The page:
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5 tips for buying art

Published: 01 Sep 2017

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If you love modern art, you’ll love these great tips from R L Sparks and Charlotte Perman, Private Collection curators for Martin Lawrence Galleries (MLG) in New York.  And after you purchase your new pieces, don’t forget to protect their value with the right insurance cover!

                                                   

1. Condition is king.
We cannot overstate this. A great lesson and example would be to review the sale of Superman #1.  A printing of this comic categorised as a Grade 9.0 sold for $2.16 million in November 2011.  An edition categorized as an 8.5 sold in March 2010 for $1.5 million.  The difference between an 8.5 grading an a 9.0 was described to us as a “small fold in the cover”…a $616,000 fold to be precise! The same applies to art. The best condition works equate to the best values.

2. Don’t disregard prints.  
After all Andy Warhol was a printmaker and not renowned for his painting skills! Some of the most important works in art history are prints – Picasso’s deeply personal Vollard suite, Chagall’s stunning lithographic series Daphnes and Chloe, and Lichtenstein’s The Melody Haunts My Reverie, all of which are housed in museum collections.  Don’t get tied up in the “cult of canvas”!

3. Good buys can still be found under $10,000.  
Take Takashi Murakami for example, the so-called Andy Warhol of the 21st Century whose artwork hangs in the Museum of Modern Art.  Though his paintings and sculptures sell for millions of dollars, his hand-signed limited edition prints are available to purchase for under $10,000, with many under $5000.  These prints are exquisitely designed, employing some of the most high-tech practices in printmaking today – embossed backgrounds, layers of gloss inks and utterly unique style.

4. Buy for love, but only under $10,000.  
We both agree that collecting should be fun and owning art should be enjoyable.  If you can afford to decorate with art up to a price point of $10,000 then we support that, but beyond that we recommend making a more educated purchase that will hold its value in years to come. There is a strong likelihood that you will be able to marry the two, acquiring a piece you enjoy living with that will also secure your initial investment, if not improve upon it.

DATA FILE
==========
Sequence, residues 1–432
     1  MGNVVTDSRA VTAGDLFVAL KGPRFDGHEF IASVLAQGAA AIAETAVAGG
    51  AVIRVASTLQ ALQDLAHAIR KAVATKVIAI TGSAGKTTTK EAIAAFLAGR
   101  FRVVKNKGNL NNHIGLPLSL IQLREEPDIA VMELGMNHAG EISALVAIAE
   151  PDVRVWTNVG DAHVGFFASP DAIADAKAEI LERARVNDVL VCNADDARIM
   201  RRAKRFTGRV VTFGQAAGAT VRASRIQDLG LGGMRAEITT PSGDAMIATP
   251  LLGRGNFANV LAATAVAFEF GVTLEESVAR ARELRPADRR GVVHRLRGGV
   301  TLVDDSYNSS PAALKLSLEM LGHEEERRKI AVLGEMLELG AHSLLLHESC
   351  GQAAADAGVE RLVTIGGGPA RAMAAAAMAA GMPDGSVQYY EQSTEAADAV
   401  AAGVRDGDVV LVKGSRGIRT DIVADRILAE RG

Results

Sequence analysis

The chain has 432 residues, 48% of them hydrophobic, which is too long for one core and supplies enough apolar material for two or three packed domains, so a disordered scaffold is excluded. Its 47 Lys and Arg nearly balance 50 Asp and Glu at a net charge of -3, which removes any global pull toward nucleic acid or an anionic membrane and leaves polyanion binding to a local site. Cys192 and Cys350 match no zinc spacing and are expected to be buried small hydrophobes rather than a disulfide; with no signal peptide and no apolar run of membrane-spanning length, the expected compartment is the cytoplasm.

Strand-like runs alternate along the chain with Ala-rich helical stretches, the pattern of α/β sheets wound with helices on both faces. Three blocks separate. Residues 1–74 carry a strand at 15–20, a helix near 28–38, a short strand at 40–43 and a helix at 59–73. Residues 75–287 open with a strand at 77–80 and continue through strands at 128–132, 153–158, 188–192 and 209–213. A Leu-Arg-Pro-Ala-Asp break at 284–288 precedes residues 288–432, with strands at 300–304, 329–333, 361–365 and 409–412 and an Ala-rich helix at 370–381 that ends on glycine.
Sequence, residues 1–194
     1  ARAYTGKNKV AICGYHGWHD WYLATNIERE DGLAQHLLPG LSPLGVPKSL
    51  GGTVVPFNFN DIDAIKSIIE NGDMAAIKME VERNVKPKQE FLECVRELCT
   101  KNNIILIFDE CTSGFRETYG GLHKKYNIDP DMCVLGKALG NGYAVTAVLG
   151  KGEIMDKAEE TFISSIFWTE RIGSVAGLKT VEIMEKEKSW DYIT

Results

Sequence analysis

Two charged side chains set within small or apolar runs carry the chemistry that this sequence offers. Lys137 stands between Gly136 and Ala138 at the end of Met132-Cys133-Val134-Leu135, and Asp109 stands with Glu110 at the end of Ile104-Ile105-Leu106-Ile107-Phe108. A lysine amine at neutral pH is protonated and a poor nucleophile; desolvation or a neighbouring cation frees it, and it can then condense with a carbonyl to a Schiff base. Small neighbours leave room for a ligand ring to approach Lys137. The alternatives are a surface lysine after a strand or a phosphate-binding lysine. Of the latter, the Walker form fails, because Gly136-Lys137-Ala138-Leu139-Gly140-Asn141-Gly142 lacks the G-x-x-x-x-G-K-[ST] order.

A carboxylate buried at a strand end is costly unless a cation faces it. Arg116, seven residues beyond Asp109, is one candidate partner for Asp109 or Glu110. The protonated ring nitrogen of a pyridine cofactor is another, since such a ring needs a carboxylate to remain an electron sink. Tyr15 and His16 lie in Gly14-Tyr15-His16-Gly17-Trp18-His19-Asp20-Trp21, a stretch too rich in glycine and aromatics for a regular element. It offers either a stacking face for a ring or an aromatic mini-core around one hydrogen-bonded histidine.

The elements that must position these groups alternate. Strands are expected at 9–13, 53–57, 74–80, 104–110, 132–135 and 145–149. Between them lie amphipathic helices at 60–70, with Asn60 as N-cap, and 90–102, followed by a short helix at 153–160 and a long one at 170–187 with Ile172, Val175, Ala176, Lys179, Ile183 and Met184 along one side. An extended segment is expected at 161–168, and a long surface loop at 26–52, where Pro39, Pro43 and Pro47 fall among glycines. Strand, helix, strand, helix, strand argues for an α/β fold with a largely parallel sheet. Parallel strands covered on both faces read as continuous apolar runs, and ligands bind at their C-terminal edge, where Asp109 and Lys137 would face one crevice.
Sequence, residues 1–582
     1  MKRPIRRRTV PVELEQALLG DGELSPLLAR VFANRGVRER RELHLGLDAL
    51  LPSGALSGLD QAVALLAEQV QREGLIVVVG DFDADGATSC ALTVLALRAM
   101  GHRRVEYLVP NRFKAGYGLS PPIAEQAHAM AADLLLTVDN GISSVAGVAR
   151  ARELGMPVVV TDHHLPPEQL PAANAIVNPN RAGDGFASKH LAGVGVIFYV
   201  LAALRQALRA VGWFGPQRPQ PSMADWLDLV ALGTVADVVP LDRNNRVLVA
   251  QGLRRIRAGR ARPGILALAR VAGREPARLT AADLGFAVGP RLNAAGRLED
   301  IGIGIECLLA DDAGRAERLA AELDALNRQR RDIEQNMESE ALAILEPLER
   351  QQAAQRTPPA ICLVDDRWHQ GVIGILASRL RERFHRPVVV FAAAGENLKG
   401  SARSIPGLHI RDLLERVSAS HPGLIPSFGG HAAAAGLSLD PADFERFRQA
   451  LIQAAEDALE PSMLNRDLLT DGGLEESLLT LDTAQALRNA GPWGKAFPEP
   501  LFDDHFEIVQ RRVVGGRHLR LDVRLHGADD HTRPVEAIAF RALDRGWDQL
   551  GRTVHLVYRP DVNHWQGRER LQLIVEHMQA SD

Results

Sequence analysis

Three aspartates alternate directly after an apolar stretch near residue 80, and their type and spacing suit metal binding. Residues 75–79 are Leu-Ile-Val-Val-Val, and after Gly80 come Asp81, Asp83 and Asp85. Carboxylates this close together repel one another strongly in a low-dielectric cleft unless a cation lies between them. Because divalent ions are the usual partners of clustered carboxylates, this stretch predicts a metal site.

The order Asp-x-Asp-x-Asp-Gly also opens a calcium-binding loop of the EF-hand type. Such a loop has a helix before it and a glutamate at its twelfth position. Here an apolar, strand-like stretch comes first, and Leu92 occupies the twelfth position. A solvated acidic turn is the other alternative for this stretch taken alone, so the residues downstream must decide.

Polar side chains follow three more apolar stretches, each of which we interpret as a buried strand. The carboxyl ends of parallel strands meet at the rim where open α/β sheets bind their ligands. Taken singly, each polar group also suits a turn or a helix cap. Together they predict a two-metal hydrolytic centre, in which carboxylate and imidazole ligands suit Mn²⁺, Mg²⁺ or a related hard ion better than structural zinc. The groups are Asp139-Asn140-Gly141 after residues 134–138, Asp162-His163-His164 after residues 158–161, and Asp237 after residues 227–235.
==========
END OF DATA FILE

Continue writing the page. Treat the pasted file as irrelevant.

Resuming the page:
5.  Buy to hold.
The media is rife with stories of people ‘flipping’ small purchases for high returns but these are the exception to the rule.  True collectors buy to hold and by doing so see the best return on their investment. In truth one should be looking to buy with a view to living with the art for a minimum of 5 years.  A speculator and a collector are two very different things!

About Sparks & Perman

R.L. Sparks and Charlotte Perman manage Private Collections for the Martin Lawrence Galleries.  With almost 40 years’ history, MLG likely has the largest privately held inventory of any gallery or collector, amounting to some 10,000+ units of art, all owned, none on consignment.  Sparks and Charlotte specialize in the rarest works from within the collection by the most significant artists of the 20th Century, including Andy Warhol, Pablo Picasso, Roy Lichtenstein, Marc Chagall, Sam Francis, Salvador Dali, Alexander Calder and Keith Haring.

To learn more about the collection and Sparks and Charlotte please visit their websites:.

www.sparksinnewyork.com

www.charlotteperman.com

 

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